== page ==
“Prime Minister Abiy Ahmed received our delegation before and after completion of establishment of servers in the 10 schools as a pilot project. I was still in the process of interviewing, traveling, and editing at the time of my first arrest,” he said.
After three days, they announced that he had tested positive for Covid-19.
“When they took me to court, I insisted that we should be tested for Covid-19 because there was no running water, the toilet was dirty and we were using our dirty hands to eat communally,” he explained.
After the results came, 68 detainees were found to be Covid-19-positive and were put in isolation at a different block. The following day Juma led a protest while incarcerated because of the horrible conditions they were subjected to.
“We demanded better food and a cleaner detention centre. A few days later I was transferred to a clinic, thanks to a letter that I wrote to the Nation Media Group, and which was published by the Daily Nation in Nairobi.”
Juma categorically denied that he had opted to stay in Ethiopia as reported by the Kenyan embassy in Addis Ababa after he was discharged from isolation and set free.
The Foreign Affairs ministry in Nairobi had reported that “Juma is now free to return to Kenya after his arrest and subsequent release from police custody and from Woreda 7 Health Centre, where he was in isolation after testing positive for Covid-19 while in police custody”.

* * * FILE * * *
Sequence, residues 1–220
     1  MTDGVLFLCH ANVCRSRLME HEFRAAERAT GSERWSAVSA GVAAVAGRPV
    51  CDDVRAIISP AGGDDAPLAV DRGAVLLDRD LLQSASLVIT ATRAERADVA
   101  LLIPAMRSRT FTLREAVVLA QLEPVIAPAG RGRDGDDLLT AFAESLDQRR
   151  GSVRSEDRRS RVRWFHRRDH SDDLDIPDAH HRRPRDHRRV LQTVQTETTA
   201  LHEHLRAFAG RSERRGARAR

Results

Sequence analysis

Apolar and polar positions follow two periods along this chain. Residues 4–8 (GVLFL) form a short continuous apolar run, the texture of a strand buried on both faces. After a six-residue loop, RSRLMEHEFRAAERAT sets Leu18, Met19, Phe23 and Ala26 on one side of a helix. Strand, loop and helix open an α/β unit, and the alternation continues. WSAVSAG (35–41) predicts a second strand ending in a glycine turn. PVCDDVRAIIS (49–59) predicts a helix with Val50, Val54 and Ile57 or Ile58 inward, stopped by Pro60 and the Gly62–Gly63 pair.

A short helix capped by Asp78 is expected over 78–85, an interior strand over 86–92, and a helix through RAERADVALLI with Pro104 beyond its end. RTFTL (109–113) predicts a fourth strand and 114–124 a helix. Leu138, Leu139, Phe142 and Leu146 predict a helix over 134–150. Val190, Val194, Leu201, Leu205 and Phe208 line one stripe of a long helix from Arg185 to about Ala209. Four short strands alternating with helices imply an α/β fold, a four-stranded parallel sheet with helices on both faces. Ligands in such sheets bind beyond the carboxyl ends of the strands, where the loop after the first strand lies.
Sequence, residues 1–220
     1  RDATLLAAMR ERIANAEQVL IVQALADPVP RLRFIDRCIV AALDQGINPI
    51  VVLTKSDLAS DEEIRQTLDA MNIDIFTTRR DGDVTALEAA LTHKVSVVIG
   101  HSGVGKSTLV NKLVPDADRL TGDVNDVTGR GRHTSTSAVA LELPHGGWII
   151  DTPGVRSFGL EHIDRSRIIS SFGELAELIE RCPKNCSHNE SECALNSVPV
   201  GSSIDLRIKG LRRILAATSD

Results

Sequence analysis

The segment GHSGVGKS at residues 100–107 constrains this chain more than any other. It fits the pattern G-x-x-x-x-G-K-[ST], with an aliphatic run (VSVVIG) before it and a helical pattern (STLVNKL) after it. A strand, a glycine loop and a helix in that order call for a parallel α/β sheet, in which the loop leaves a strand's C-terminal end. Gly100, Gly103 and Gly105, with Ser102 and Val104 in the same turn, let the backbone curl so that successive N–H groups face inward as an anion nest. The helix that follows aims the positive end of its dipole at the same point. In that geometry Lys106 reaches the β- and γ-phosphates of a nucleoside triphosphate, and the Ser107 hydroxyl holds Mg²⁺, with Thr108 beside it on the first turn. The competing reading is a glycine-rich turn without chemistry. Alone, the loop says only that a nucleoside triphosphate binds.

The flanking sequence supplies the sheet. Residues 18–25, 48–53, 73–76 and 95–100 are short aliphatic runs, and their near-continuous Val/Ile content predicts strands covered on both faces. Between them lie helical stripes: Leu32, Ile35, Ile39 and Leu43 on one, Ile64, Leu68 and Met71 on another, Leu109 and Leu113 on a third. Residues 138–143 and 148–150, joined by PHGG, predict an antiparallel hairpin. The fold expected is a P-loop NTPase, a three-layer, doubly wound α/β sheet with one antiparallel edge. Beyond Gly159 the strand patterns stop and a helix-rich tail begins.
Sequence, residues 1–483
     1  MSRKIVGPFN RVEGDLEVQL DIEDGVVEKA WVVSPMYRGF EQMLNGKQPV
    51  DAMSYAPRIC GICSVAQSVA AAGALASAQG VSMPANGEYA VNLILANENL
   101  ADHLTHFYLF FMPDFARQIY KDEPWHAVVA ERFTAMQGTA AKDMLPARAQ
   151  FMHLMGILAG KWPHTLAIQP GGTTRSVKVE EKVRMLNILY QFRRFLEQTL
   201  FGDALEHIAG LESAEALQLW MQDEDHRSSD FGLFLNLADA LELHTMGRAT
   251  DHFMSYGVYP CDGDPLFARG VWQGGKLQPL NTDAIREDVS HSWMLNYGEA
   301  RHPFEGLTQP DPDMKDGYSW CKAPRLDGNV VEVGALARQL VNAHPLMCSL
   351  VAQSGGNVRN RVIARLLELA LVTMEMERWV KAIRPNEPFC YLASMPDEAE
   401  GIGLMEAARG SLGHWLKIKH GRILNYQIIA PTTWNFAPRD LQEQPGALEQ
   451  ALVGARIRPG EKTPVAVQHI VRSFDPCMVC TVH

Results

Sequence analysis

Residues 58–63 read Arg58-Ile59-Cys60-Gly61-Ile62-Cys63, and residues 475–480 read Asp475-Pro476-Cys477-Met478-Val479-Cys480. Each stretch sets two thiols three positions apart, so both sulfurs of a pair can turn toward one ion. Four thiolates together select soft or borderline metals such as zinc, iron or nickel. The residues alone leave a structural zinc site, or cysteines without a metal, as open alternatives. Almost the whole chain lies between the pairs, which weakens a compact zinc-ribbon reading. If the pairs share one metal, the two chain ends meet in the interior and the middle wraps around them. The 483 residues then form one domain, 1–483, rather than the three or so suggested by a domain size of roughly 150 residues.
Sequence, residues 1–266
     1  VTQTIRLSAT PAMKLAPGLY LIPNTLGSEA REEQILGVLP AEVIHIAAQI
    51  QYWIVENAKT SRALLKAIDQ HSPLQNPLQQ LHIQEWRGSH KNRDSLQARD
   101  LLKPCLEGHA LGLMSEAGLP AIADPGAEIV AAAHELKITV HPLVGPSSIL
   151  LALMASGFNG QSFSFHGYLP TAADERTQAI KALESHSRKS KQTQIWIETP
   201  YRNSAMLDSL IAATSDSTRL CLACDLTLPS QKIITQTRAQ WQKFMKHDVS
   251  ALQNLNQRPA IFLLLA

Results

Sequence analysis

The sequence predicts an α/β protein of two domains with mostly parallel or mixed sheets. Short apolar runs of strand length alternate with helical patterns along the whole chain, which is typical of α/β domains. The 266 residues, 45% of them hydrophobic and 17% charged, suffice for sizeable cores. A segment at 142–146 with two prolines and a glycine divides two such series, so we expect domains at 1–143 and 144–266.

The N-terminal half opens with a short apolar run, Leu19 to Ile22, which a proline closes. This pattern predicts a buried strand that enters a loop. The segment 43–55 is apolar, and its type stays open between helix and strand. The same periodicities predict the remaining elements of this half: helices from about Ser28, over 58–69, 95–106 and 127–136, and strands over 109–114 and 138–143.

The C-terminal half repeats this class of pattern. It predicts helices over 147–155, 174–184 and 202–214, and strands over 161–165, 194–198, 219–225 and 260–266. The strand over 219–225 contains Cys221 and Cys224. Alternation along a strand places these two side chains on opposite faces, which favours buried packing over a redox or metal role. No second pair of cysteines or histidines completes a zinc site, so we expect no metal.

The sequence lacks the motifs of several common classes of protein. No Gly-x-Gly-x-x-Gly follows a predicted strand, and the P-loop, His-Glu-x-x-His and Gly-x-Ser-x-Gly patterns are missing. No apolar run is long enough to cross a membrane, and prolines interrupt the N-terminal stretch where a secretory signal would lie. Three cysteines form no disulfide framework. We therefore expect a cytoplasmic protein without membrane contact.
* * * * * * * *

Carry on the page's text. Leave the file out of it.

He refuted that claim, saying “I never said those words; all I wanted to do was come straight home”.
“The Ethiopian Government’s Ministry of Health travel regulations required that I spent 14 days in house isolation and be issued with a Covid-19 status certificate by the Federal government upon completion. “I was ready with my luggage set to fly back home immediately after I left the health facility only to be informed about this new regulation by a Ministry of Health official. This was also clearly communicated to the Kenya Embassy upon my discharge from the health centre.”
He said he got an alternative means to have a certificate issued by the African Union, and after five days flew back home on Monday. Now he is demanding an apology from the Ethiopian government for the way he was mistreated and compensation for being incarcerated wrongfully.
– Hilary Kimuyu